Spearhead From Space has been released several times (twice on VHS, four times on DVD, and it’s on iTunes). Due to it being entirely on film as opposed to video (industrial action meaning it had to be filmed largely on location, where film would be used instead), it is the only story from the original run of Doctor Who that can be released on Blu-ray without upconversion, and so here we are.
I was unable to get a copy of the omnibus edition I rented from a video shop in Hereford in 1994 for comparison, but certainly the picture quality here is as crisp as Quentin or Quavers. Blemish free, it’s never looked better, and it’s always looked good. Derek Martinus and his camera and editing crew throw in flourishes throughout, having fun in roomy locations with high angles and handheld cameras. Martinus is underrated as a director, probably because much of his work on Doctor Who hasn’t been seen since its original broadcast (he directed The Tenth Planet, Evil Of The Daleks and The Ice Warriors among others, and Spearhead was his final work on the show).
High definition serves to enhance rather than detract from the production, making clearer the sweat on actors’ brows during heat waves, and the sheen on facsimile versions of characters. Kudos to everyone involved in the 1969 production that it still stands up today under increased resolution.
For those of you unfamiliar with the story, it’s the first Third Doctor adventure, and the first to be recorded in colour. Writer and legend Robert Holmes recycled an idea he had for the 1965 film Invasion, and there are also similarities to Quatermass II. A meteor shower coincides with the Third Doctor’s arrival, and some strange goings on at a plastics factory. UNIT and a recently drafted Liz Shaw are on hand to investigate.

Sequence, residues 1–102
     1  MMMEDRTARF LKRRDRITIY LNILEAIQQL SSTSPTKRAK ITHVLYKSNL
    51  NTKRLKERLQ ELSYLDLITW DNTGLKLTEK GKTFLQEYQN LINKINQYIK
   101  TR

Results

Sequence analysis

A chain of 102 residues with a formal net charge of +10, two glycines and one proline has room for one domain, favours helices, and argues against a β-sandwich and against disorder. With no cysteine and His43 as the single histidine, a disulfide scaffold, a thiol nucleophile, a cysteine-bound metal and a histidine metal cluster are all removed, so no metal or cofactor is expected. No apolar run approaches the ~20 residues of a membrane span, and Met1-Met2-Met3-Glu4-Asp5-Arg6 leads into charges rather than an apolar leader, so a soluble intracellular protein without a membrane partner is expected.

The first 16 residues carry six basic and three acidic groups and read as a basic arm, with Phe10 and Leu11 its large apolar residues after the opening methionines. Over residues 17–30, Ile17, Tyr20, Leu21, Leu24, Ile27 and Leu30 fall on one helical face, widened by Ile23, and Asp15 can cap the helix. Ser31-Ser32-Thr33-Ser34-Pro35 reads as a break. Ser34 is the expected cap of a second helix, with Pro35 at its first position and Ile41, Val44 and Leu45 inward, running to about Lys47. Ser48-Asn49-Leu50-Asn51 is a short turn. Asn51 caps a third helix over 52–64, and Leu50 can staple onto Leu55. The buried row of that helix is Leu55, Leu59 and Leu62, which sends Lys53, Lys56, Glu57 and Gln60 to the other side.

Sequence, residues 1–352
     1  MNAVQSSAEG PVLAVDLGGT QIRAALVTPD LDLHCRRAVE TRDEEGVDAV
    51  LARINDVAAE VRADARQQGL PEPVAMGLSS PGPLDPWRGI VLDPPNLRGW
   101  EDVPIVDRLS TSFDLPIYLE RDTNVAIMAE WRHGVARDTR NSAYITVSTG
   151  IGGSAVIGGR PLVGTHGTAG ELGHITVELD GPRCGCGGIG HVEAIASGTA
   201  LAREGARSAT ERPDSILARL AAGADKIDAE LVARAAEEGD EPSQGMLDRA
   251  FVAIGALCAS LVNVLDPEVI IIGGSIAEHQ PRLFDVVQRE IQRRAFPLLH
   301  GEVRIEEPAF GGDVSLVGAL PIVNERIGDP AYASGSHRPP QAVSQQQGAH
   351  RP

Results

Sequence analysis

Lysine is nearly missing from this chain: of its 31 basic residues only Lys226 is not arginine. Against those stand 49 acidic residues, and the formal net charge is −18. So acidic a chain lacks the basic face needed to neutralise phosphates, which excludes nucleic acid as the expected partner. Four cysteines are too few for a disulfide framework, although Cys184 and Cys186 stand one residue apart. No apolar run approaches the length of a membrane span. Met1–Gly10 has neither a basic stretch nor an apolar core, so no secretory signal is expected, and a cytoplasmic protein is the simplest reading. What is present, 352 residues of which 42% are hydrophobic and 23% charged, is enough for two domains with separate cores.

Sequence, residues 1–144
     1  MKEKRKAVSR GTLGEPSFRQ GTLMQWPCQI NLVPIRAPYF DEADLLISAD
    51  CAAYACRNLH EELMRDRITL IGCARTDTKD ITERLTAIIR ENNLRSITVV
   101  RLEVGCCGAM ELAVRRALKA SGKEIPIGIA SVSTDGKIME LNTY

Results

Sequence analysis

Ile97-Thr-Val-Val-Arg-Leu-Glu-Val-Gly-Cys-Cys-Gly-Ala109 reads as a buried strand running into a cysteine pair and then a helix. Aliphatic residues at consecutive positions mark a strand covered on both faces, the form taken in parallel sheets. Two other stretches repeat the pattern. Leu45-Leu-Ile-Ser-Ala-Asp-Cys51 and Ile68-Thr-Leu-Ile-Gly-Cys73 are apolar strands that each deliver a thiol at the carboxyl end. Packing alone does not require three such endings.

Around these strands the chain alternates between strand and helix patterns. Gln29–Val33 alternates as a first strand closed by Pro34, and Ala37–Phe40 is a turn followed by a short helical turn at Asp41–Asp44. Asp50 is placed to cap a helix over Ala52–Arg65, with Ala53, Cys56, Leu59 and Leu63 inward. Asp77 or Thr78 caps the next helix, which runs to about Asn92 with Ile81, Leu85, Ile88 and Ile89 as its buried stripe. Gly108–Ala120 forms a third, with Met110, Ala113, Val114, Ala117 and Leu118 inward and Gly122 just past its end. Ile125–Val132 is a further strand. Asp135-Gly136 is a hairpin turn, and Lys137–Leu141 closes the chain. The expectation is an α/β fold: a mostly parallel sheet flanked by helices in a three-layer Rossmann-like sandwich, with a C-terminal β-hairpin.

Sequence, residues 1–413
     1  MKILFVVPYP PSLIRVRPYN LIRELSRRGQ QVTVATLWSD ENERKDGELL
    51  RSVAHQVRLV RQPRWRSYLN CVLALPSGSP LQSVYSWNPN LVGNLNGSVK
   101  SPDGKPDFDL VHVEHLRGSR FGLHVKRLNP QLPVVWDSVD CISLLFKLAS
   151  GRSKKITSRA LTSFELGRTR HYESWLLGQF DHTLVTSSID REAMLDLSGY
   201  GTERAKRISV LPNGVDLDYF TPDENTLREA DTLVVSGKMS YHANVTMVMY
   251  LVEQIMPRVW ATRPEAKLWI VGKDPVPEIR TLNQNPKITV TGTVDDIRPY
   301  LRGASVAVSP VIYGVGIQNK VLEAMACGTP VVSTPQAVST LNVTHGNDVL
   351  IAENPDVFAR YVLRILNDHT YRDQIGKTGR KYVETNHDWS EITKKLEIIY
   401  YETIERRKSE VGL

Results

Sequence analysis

In some ways it’s a shame that an omnibus cut isn’t provided, because Spearhead From Space is almost deserving of feature-length status. Its final episode does, sadly, involve rubber tentacles and mugging, and a credulity-stretching exhibition of top civil servants at Madame Tussauds, but otherwise this is as solid and entertaining a rejuvenation as The Eleventh Hour.
With the Doctor bed-bound and erratic for the first third (slurring ‘Unhand me madam’ at nurses, singing in the shower and stealing the same things as the Terminator would 14 years later) we get to know the Brigadier and new companion Liz Shaw. In one four-part adventure Holmes and script editor Terrance Dicks establish a new Doctor, a new format and supporting cast, and the memorable introduction of the Autons and the Nestene Consciousness.
Nicholas Courtney and Caroline John initially carry the show without the Doctor, and a dynamic is immediately established; her sarcasm and rational scepticism, his good-natured military pragmatism worn thin by scientific types coming in and being difficult. When the Doctor does turn up, he immediately sides with Liz and takes great delight in winding the Brigadier up. Pertwee’s early portrayal of the Doctor is more childlike than he would become later: he’s not yet fully formed, but more mercurial and flippant, and yet to become the stern authoritative figure of later years.